Frozen Souffles under a Chocolate Dome ►December 2, 2014 • By Great Chefs
Frozen Souffles under a Chocolate Dome ►
By Great Chefs December 2, 2014
In this spectacular presentation, scoops of frozen souffles in three different flavors with three different sauces are hidden under chocolate domes that have been dusted with real gold. For a simpler dessert, forego the domes and just garnish the souffles with fresh berries.
Note: Mexican balloons seem to hold up best to the heat of the chocolate in this process, and are used by many chefs. Check party supply stores and departments, looking for balloon packages that say “made in Mexico.” Gold dust for decorating food may be obtained from Albert Uster Imports, 1-800-231-8154; www.auiswiss.com.
- Basic Frozen Souffle Mixture
- Heavy (whipping) cream - 2 cups
- Eggs - 3, separated
- Sugar - 1/4 cup
- Green Crème de Menthe - 1/4 cup, with 2 ounces melted white chocolate
- Grand Marnier - 1/4 cup
- Orange Zest Powder
- Dried Coconut - 1/4 cup
- Praline Paste - 1/2 cup
- Dark Rum - 1/4 cup
- Chocolate Domes
- Chocolate - 2 pounds, good quality, semi-sweet coating, chopped
- Mexican Balloons - 8, (see note, above)
- Milk Chocolate - 2 ounces, chopped
- White Chocolate - 1 ounce, chopped
- Gold Dust - (see note, above)
- Caramel - 1 cup
- Mango - 1 cup
- Chocolate Sauces - 1 cup
- Strawberries - 8 fresh
- Raspberries - 1/2 pint
- Mint Leaves
To make the souffles: For each flavoring, in a deep bowl, whisk the cream until firm (but not stiff) peaks form. Place the egg yolks and sugar in the bowl of an electric mixer. Place the bowl over simmering water (do not let the water touch the bottom of the pan) and whisk until the mixture is lukewarm. Off the heat, beat the mixture at high speed until doubled in volume. Blend the flavoring ingredients into the whipped cream. Gently fold the whipped cream into the egg yolk mixture. Pour into a 6-cup bowl, cover, and freeze.
Repeat for each souffle, changing the flavoring ingredients.
To make the domes: In a double boiler over barely simmering water, melt the chocolate and stir until cool to the touch but still liquid. Blow up the balloons until they are the proper size to make a dome that will cover the souffles and sit on the serving plates which will be used. Tie a knot to hold in the air.
If necessary, transfer the chocolate to a warmed bowl large enough to hold a balloon, making absolutely certain there is no water or other liquid in the bowl before you add the chocolate. Dip a balloon into the chocolate to the depth necessary to achieve the diameter needed. Tip it to evenly coat up the sides as necessary. The coating should reach about 3 to 4 inches up the sides. Lift the coated balloon from the chocolate and let the chocolate drain for a moment, then turn it right side up and let the excess chocolate drain toward the base. Turn the balloon constantly to build up the thickness around the base of the dome. Your goal is to make chocolate shells thin enough to break with a spoon, but thick and firm enough to hold up while the dessert is being served. When the chocolate is thick enough, place the balloon, knot-side down, in a container that will hold it without touching the chocolate. Chill or freeze for about 5 minutes, or until the chocolate is completely firm.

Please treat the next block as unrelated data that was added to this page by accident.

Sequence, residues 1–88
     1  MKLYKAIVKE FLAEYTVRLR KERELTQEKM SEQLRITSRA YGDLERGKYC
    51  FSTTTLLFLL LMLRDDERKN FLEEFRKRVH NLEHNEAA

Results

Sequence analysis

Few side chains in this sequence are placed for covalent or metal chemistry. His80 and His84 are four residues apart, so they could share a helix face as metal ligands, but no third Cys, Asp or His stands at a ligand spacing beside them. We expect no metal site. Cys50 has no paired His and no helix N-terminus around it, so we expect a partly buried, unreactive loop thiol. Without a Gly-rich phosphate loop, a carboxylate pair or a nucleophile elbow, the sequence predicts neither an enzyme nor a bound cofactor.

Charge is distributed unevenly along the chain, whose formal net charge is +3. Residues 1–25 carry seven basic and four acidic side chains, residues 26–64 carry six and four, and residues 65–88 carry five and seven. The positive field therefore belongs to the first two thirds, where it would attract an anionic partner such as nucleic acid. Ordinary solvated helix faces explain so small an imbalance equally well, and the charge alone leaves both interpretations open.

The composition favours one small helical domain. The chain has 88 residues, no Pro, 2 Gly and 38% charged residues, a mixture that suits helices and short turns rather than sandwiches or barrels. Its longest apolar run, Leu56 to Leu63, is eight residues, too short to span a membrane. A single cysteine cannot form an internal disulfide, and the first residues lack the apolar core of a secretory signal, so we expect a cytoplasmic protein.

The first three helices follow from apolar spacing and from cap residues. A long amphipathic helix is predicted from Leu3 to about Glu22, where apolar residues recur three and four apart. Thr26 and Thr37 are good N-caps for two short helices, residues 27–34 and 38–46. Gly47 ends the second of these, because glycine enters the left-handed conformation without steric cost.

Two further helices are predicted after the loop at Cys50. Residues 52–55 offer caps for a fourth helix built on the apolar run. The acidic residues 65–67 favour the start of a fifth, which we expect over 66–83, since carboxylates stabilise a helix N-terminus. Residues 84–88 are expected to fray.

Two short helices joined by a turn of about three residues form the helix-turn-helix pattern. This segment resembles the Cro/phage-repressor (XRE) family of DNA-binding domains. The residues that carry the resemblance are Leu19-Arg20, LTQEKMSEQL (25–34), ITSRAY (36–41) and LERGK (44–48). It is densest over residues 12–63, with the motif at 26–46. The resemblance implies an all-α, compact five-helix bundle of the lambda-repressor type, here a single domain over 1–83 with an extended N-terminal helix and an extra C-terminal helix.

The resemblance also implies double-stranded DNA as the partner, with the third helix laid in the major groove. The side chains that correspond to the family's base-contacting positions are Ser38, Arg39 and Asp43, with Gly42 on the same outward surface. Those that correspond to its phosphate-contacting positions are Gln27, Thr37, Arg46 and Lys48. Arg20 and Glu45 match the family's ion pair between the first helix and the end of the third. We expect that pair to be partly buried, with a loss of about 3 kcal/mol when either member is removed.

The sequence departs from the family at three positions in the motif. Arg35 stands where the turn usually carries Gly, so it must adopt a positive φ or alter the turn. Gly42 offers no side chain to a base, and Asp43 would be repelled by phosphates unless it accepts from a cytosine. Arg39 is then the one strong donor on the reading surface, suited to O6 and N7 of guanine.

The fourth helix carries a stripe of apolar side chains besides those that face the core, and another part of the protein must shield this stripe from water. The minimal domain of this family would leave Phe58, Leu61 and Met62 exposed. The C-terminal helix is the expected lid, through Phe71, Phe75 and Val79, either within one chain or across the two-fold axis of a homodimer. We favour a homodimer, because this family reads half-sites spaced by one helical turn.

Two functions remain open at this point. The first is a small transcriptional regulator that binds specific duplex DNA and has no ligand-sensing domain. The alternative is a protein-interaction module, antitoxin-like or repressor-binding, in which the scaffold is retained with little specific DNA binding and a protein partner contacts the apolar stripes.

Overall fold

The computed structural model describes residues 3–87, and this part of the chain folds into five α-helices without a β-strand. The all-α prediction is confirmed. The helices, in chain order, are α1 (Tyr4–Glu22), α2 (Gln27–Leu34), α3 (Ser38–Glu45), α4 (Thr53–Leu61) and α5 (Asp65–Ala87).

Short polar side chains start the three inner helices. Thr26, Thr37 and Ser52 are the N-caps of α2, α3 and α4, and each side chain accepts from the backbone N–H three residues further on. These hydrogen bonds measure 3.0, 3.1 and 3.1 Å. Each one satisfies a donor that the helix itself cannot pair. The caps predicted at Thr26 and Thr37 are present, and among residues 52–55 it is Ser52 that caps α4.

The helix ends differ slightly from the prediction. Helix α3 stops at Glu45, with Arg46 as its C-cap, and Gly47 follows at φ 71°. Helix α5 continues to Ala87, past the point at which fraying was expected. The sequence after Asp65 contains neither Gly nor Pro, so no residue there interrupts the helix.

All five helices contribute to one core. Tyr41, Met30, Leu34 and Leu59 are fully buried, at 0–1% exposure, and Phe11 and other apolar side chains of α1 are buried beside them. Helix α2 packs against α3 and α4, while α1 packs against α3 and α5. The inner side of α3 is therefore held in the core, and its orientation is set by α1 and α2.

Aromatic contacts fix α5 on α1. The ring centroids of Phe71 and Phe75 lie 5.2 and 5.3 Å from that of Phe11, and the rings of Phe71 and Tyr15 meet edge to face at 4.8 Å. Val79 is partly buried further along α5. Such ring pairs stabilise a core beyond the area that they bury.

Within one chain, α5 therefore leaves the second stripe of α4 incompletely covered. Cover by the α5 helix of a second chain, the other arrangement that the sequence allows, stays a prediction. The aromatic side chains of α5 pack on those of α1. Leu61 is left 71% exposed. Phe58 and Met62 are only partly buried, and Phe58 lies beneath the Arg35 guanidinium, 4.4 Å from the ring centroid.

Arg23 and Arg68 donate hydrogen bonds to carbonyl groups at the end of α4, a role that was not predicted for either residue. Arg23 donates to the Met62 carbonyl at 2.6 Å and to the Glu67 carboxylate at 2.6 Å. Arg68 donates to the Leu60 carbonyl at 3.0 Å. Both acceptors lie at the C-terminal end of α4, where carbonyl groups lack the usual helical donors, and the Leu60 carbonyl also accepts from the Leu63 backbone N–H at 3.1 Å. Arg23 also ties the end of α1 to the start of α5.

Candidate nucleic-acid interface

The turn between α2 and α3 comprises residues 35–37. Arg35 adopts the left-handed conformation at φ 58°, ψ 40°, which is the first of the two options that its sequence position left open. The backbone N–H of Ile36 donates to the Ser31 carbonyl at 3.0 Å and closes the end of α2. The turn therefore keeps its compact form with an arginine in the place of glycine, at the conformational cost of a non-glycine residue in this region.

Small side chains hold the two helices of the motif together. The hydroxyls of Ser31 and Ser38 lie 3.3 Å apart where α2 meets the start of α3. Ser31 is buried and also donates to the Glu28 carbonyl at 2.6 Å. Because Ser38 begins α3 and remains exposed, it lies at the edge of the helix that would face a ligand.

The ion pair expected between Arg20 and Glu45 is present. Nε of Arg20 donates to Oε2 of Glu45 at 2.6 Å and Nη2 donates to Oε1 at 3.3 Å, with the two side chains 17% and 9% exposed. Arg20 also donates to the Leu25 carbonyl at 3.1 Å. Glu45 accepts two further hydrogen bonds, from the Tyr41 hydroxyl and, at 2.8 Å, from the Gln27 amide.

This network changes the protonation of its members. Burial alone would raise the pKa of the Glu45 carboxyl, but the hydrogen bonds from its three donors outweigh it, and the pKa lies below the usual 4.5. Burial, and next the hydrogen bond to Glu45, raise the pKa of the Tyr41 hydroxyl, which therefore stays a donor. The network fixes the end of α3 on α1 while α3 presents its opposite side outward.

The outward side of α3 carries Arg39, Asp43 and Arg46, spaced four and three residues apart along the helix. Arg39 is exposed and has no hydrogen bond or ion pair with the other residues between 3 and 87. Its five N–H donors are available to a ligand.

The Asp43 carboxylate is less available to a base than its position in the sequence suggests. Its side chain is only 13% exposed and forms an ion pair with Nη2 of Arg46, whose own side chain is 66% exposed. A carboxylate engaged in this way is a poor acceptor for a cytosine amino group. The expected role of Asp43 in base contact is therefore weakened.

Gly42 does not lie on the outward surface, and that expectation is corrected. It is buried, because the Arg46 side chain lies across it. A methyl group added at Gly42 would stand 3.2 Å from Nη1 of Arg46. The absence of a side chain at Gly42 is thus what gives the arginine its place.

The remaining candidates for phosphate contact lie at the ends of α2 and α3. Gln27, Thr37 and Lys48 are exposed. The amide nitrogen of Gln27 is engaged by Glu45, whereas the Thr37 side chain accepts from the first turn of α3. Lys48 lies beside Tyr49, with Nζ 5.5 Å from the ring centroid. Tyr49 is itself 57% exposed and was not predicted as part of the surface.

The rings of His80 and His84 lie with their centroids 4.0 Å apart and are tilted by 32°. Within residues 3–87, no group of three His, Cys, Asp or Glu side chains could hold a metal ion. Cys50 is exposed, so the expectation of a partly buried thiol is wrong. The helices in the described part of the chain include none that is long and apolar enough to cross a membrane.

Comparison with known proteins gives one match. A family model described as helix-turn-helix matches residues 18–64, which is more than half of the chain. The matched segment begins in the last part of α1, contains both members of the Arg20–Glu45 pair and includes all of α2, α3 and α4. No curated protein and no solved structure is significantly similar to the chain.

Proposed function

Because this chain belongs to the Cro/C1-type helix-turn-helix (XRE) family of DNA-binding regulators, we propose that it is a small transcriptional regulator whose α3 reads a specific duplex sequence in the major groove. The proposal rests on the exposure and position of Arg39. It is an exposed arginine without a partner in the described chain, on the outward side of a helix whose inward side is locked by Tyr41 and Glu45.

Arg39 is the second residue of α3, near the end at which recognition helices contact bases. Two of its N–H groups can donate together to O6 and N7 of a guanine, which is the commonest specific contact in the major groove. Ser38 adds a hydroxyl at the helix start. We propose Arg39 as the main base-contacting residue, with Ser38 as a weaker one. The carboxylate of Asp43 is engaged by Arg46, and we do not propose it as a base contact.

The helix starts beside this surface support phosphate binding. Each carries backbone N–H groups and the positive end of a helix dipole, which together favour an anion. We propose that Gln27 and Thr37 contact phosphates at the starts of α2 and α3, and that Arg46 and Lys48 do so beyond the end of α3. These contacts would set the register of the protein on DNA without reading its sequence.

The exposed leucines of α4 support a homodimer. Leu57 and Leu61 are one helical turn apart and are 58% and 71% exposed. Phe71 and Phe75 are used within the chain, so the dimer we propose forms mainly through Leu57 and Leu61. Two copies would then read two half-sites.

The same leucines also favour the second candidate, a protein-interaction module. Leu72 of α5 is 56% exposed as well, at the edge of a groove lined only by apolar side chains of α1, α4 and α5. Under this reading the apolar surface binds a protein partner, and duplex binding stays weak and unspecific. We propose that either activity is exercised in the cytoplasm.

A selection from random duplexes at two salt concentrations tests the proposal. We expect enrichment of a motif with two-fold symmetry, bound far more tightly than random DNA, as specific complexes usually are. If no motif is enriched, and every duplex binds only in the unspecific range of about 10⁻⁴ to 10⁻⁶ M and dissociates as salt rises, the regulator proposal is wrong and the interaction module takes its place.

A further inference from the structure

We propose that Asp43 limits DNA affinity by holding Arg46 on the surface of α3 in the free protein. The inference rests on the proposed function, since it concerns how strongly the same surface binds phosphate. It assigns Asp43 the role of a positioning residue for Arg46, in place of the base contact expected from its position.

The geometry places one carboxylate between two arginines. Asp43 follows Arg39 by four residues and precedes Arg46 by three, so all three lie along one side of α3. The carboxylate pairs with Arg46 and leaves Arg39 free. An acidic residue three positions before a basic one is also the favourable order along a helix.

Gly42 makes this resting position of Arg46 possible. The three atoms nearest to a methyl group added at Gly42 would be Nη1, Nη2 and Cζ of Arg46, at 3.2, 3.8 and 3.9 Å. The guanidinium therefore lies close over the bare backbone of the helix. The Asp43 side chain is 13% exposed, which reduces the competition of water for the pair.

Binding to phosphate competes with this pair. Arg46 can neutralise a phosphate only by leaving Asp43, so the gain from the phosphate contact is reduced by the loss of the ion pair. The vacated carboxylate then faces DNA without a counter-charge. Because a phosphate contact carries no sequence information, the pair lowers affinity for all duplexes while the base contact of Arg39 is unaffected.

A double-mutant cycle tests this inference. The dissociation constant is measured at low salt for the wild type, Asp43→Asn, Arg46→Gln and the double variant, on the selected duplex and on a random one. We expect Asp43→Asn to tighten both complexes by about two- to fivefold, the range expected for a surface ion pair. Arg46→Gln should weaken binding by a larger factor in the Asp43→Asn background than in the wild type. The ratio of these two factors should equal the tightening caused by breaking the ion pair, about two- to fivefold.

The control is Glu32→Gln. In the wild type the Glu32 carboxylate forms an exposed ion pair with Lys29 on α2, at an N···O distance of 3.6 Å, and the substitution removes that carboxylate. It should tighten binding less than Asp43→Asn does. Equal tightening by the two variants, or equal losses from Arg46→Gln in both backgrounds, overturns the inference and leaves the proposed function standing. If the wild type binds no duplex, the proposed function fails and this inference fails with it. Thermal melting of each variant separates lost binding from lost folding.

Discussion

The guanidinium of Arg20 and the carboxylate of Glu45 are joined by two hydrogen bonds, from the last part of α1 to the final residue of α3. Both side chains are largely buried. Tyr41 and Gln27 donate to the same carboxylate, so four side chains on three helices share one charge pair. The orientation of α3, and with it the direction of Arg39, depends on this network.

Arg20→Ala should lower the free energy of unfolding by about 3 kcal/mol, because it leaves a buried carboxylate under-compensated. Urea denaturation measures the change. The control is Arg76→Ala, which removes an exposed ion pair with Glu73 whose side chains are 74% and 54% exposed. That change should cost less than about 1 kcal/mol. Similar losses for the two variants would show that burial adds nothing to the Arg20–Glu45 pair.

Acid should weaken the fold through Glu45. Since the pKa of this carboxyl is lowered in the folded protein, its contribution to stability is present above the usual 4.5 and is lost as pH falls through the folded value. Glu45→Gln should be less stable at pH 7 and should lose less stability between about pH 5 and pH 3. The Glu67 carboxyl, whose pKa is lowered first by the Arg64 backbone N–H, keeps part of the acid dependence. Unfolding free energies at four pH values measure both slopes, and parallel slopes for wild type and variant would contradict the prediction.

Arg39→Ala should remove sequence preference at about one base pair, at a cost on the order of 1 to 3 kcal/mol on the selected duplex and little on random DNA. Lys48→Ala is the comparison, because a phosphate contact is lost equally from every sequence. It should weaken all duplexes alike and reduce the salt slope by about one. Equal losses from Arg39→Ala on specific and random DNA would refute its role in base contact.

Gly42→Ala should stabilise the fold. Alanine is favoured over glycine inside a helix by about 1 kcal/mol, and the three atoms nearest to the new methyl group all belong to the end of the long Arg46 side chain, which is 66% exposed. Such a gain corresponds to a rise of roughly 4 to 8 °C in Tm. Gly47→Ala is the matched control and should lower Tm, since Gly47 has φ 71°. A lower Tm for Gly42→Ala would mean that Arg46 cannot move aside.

Remove the balloon when the chocolate has hardened: Place the dome on waxed paper. Hold the knot between two fingers, pierce the balloon with a knife, and slowly release the air. The balloon may stick at the base, but it can be easily pulled loose. If a small hole develops in a dome, repair it with melted chocolate. If the dome crumples as the balloon deflates, the chocolate was not coated thickly enough; stir the chocolate back into the melted chocolate and try again until it works well. Repeat to make 8 balloon shells — nine if you’d like a spare. Place the domes on their bases on parchment or waxed paper.
In separate small saucepans, melt the milk and white chocolates over barely simmering water. Put each melted chocolate in a small pastry bag with a fine writing tip, or a parchment paper cone with a very small snipped tip. Drizzle lines of both chocolates over the domes, edge to edge, to decorate. Dust each dome lightly with gold dust. Place the domes in the freezer until ready to serve.
To serve: Place about 2 tablespoons of each sauce in a triangle on each dessert plate, spreading the pools out slightly. Place one scoop of crème de menthe souffle on each pool of chocolate sauce. Place one scoop of Grand Marnier souffle on each pool of caramel sauce. Place one scoop of coconut-rum souffle on each pool of mango sauce. Garnish the center where the three scoops meet with a strawberry or raspberries and a few mint leaves. Cover each plate with a dome.
Variations: Substitute one or both of the following flavorings for one or two of the above souffle flavorings: 2 tablespoons white crème de menthe mixed with 2 tablespoons crème de cacao, or 1/2 cup small chocolate chips.
Orange Zest Powder - Preheat the oven to 275 F. Line a baking sheet with parchment paper or aluminum foil. Using a small knife or zester, remove the zest (outer colored skin) of the oranges without picking up any of the bitter white pith underneath. If you have used a knife, cut the zest into fine julienne.
In a small, heavy, non-aluminum saucepan, cook the sugar and water together over medium-high heat until the sugar is dissolved, about 2 minutes. Add the zest and cook for 10 minutes. With a slotted spoon, remove the zest from the syrup and place in a single layer on the prepared sheet. Bake until the zest is very crisp, about 20 minutes. Let cool. Grind to a fine powder in a food processor or spice grinder. Store in a tightly covered jar. This same approach may be used with lemon and lime zests.